According to the Centers for Disease Control and Prevention, "it may be possible that a person can get COVID-19 by touching a surface or object that has the virus on it then touching their own mouth, nose, or possibly their eyes, though this is not thought to be the main way that the virus spreads." Because this is a new disease, researchers are still learning about how it spreads. An important measure is good hand washing and avoiding touching your face.

Does high heat kill the virus? Microwave oven?

The CDC reports that, "generally coronaviruses survive for shorter periods of time at higher temperatures and higher humidity than in cooler or (drier) environments. However we don't have direct data for this virus, nor do we have direct data for a temperature-based cutoff for inactivation at this point."

Does the virus have to be transmitted by another person? Or can a person just get it on their own?

The virus is transmitted primarily through respiratory droplets through close person-to-person contact (within 6 feet) or through contact with surfaces that have been contaminated with respiratory droplets.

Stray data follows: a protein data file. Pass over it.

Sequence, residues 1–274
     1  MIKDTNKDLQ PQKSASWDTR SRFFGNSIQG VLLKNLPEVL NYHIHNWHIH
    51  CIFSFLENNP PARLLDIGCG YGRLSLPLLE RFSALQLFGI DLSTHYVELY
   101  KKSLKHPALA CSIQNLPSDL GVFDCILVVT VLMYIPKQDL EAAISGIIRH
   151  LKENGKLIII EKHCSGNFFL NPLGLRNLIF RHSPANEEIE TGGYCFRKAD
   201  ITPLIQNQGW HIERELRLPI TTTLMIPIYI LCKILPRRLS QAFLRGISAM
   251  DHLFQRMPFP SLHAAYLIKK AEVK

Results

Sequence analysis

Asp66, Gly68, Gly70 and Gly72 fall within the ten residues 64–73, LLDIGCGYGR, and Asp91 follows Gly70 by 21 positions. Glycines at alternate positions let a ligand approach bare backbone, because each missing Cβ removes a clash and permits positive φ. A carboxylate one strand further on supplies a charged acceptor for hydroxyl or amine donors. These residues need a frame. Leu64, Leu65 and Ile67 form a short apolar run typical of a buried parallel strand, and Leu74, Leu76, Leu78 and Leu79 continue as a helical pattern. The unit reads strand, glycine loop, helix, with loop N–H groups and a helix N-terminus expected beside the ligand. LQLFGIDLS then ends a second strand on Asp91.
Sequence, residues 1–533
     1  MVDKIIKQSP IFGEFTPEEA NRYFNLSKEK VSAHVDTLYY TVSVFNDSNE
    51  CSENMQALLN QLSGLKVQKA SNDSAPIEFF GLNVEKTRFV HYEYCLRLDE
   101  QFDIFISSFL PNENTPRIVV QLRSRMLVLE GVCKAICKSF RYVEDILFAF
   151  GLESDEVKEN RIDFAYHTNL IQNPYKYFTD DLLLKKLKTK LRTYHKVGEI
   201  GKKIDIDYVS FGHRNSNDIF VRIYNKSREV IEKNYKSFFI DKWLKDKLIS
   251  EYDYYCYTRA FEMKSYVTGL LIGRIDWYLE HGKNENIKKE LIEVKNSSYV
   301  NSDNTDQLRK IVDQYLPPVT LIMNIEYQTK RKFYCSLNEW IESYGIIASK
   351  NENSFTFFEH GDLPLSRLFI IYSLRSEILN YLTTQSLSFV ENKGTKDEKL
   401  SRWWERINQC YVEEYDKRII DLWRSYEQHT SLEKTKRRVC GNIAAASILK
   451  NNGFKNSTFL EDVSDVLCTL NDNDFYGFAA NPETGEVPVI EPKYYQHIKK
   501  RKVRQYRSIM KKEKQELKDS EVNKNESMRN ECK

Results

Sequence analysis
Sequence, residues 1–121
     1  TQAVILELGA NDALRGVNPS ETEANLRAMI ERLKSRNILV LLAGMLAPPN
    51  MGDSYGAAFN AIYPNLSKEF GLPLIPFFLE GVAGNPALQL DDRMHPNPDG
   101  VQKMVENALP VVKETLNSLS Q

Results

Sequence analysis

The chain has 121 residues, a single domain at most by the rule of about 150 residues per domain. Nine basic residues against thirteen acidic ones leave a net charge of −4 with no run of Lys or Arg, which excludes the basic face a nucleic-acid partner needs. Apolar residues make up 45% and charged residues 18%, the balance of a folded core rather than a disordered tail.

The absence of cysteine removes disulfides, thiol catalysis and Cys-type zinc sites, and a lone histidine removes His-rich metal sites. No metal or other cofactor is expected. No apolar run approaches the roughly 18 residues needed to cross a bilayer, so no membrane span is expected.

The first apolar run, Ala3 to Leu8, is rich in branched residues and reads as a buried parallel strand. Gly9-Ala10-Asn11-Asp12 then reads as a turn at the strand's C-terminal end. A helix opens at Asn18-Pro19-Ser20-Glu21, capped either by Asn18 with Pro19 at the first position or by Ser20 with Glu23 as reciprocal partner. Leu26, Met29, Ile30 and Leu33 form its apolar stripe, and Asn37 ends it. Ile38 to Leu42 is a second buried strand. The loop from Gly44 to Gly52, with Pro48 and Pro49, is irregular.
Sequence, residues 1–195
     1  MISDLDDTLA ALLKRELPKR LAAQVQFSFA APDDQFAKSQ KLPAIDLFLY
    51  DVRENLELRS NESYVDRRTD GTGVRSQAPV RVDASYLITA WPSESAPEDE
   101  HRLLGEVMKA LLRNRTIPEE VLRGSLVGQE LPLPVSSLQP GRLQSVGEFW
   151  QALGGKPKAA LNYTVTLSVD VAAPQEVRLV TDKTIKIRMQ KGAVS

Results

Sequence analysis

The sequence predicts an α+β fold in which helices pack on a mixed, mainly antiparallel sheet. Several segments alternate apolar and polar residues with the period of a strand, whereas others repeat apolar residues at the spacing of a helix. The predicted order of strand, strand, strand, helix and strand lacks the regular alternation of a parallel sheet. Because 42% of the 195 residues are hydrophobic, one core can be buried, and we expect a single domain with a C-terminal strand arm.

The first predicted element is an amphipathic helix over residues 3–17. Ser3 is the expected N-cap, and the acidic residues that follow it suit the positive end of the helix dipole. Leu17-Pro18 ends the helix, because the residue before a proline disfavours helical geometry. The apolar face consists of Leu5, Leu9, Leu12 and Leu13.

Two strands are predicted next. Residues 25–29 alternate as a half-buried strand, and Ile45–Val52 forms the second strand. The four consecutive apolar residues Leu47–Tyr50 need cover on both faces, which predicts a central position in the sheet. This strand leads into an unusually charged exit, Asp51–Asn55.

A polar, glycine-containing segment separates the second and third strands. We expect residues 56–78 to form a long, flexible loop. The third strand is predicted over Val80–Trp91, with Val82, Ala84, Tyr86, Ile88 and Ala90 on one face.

Is it known whether or not people over 70 have experienced only mild symptoms or is that only true for younger people?

According to the CDC, in the United States for the period Feb. 12 to March 16, 2020, the data for adults aged 75-84 shows that 30.5% to 58.7% of patients in this age group were hospitalized, 10.5% to 31.0% required ICU (intensive care unit) admission, and 4.3% to 10.5% suffered fatalities. There is still a lot that we don't know, as this is a new virus.

Coronavirus is said to be shed in fecal matter. What risk is there in public toilets that flush forcefully and could potentially spray and aerosolize the virus?

The CDC states, "the virus that causes COVID-19 has been detected in the feces of some patients diagnosed with COVID-19. The amount of virus released from the body (shed) in stool, how long the virus is shed, and whether the virus in stool is infectious are not known. The risk of transmission of COVID-19 from the feces of an infected person is also unknown. However, the risk is expected to be low based on data from previous outbreaks of related coronaviruses." Flushing toilets without lids could potentially aerosolize viruses and also contaminate surfaces.